The Business Council supports legislation to amend the environmental conservation law to allow for the transportation and storage of Liquefied Natural Gas (LNG). LNG, is the same natural gas used in homes for heating and cooling but it is condensed into a liquid. Small Business Day on April 17th is your opportunity to show support for this issue.
A.4202 (Camara)/S.119A (Maziarz)
Memo of Support
The Hill: Liquefied natural gas: Transforming US into global energy hub
Forbes: All Roads Lead to Natural Gas-Fueled Cars and Trucks
To register for Small Business Day contact Erin DeSantis Assistant State Director at NFIB for more information. 877.434.1262 or email Erin.DeSantis@NFIB.ORG.
Tim Knauss, reporter for The Post-Standard and Syracuse.Com, posted the following story about a central New York company which will be receiving a large allocation of low-cost power under the state’s Recharge NY program. Governor Cuomo created the program in 2011. It gives New York businesses the ability to buy low-cost power. In return, companies must commit to job retention and creation and invest in capital improvements.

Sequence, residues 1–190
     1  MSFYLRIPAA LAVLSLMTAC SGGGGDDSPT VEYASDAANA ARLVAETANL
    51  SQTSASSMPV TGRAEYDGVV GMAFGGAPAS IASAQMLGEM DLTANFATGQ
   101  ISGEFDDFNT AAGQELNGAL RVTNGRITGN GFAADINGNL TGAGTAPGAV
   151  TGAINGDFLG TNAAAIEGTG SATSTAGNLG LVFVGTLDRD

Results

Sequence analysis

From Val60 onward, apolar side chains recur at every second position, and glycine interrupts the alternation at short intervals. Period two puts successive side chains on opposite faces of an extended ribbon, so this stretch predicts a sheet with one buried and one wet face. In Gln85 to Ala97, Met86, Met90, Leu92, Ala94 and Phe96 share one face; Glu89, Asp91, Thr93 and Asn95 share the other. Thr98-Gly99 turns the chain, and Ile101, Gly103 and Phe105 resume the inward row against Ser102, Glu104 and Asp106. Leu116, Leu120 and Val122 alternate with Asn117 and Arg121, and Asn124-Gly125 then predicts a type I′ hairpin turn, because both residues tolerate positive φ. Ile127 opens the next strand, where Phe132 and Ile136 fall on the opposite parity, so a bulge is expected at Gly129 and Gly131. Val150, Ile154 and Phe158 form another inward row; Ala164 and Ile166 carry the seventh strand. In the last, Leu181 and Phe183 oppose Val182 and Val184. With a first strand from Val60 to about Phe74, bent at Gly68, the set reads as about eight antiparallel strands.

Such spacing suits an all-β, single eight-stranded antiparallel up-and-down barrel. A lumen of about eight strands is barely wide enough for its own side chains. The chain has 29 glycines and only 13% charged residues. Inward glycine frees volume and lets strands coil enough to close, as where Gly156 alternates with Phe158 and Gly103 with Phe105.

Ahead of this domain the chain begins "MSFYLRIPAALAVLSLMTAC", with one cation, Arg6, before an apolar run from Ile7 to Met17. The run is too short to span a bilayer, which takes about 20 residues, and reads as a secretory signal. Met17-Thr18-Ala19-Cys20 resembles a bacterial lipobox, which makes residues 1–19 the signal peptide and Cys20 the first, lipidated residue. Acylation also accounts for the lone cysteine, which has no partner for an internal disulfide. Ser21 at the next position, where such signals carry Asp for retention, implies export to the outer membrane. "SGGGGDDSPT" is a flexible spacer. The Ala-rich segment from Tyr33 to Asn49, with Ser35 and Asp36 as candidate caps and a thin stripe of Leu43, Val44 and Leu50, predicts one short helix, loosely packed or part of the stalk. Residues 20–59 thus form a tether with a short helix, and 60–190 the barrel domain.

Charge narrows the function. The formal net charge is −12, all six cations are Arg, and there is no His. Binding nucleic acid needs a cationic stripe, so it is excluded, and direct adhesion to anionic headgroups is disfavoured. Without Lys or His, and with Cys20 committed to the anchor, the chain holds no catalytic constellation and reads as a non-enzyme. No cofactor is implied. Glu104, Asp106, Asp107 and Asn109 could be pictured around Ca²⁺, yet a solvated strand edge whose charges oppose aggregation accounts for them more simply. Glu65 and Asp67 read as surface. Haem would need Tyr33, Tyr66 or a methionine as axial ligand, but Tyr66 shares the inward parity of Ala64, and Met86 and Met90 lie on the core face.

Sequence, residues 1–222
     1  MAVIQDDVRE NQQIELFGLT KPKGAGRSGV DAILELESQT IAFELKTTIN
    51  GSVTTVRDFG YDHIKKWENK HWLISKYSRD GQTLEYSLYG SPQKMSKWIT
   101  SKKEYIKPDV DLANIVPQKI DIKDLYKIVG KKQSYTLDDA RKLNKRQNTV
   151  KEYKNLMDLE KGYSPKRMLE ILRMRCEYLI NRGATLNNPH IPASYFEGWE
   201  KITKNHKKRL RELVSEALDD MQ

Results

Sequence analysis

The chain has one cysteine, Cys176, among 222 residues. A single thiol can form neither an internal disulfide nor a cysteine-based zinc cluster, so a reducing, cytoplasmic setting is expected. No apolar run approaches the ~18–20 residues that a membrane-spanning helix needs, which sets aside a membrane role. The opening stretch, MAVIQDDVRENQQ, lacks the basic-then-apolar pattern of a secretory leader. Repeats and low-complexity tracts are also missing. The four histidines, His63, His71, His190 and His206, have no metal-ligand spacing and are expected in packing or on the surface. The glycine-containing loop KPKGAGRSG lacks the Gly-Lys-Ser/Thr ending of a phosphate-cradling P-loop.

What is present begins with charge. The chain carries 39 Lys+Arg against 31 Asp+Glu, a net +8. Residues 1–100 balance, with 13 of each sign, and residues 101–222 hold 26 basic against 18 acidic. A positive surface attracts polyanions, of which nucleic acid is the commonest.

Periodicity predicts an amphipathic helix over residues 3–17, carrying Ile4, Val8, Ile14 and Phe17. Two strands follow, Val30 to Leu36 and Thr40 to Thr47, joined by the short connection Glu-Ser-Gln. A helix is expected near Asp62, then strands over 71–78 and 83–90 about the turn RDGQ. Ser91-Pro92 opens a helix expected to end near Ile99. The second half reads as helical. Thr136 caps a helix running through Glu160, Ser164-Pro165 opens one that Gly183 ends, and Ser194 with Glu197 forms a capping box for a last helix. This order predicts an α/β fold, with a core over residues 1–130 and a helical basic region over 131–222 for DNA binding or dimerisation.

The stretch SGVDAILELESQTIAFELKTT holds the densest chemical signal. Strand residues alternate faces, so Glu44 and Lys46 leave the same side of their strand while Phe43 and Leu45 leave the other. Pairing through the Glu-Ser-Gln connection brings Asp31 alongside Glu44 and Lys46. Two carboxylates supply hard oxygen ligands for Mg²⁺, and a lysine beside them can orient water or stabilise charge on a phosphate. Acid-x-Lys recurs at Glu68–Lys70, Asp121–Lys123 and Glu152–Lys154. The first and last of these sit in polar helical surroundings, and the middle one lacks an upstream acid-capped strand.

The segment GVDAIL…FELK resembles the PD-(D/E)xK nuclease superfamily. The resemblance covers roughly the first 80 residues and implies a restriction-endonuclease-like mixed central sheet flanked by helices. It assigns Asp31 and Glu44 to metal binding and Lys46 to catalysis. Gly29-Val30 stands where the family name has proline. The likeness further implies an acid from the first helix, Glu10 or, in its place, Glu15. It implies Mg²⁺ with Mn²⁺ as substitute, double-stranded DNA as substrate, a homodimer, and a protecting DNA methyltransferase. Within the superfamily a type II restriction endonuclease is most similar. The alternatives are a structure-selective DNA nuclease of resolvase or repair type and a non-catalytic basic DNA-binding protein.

Click here to read more.
Natusumi Ajisaka, staff writer for The Daily Orange, wrote a very good story about The Business Council’s opposition to Governor Cuomo’s proposed extension of the 18-a utility tax. Many lawmakers on both sides of the aisle are also opposed, including Assemblyman Al Stirpe (D-Cicero), who is quoted heavily in Ajisaka’s piece.
Click here to read more.
Click here to see the list of legislators who stand in opposition to 18-a.
Click here to read The Business Council’s statement on its opposition to 18-a.
[message_box title=”Support the Removal of a Hidden Energy Tax – Let 18a Sunset” color=”red”]A quick look at your electric energy bill will reveal the “Temporary State Assessment Surcharge.” This assessment was scheduled to be reduced this year, saving electric consumers over $200 million. Extending the fee will cost all energy consumers (businesses, governments, schools, non-profits and residences) in the State $236 million in 2013 and $2.8 billion over the next six years.
Click here to tell Governor Cuomo and your local legislators that New Yorkers pay nearly the highest energy taxes in the nation. Electricity is the lifeblood of our economy and must not be burdened by additional taxes, fees, or assessments.[/message_box]
Joseph Spector of Gannett reported on how business is reacting to the proposed state budget. He quoted Heather Briccetti, president and CEO of The Business Council:
“While the final agreement on both of these measures is an improvement over the original executive budget proposals, they are not consistent with a strategy to promote economic growth and the creation of good paying jobs,” said Briccetti.
Click here to read more.
Diane Cardwell of The New York Times reports that wind-energy projects in the U.S. are picking up after Congress renewed the production tax credit which had expired at the end of last year.
Full article on The New York Times website.